Every person knows themselves the best. If you do not have hobbies and do not want any, go back to work or volunteer. Gain the personal interaction back that you crave. You may even make a little bit of money while doing this work. If your volunteering, you never know where it will lead.

The writer is a retired person and is busy investigating what works for them. I have always been interested in computers and writing. Teaching myself to first code HTML and then later build websites with a content management system like WordPress was the challenge and stimulation I needed. Although it is a hobby that interests me, it also pays a little bit as well. Enough for my coffee in the morning!

The point is to find something that keeps your mind working, your body exercising and something you find challenging. This is the best way to avoid the Retirement is a Dangerous Time for Many People syndromes.

For more posts about life style and seniors, click here.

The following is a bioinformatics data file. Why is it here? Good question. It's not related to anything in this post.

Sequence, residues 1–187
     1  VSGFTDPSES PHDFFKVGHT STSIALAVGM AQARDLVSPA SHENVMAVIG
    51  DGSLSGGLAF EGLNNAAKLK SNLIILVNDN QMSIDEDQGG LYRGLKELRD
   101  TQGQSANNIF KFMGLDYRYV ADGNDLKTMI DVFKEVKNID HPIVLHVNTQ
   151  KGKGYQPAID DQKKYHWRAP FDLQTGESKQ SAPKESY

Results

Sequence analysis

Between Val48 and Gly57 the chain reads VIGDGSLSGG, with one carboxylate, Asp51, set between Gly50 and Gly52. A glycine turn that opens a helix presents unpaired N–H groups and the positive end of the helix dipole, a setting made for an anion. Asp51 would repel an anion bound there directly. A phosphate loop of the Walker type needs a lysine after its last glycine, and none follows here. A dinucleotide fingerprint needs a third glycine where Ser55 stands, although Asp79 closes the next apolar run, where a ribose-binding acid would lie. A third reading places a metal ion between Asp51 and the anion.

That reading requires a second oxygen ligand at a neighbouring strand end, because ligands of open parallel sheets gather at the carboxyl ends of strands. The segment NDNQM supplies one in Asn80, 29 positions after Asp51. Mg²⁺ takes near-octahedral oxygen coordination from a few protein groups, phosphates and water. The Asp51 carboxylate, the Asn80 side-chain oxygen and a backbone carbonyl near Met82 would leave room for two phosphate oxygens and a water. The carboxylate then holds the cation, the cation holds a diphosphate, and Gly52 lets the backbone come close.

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Seniors Saying Yes too Often are Getting Into Financial Trouble

December 7th, 2017 ernie Posted in Life Style | No Comments »

Money Management for KidsMore and more often we are hearing about seniors saying yes too often are getting into financial trouble and then have nowhere to turn. They may be supporting elderly parents who themselves do not have the funds to pay for their own health care in long term stay homes. Then there are the children who used to a life of never wanting for anything expect the same thing as grownups. They forget that their parents worked hard for the money and saved before they bought a big home, car etc.

Why are Seniors Saying Yes too Often are Getting Into Financial Trouble

In most situations, they just want to help their family members now while they are still alive. If they help them now they can also enjoy what their financial gifts have purchased for their kids. Quite often it is the children putting pressure on the parents for them to help out.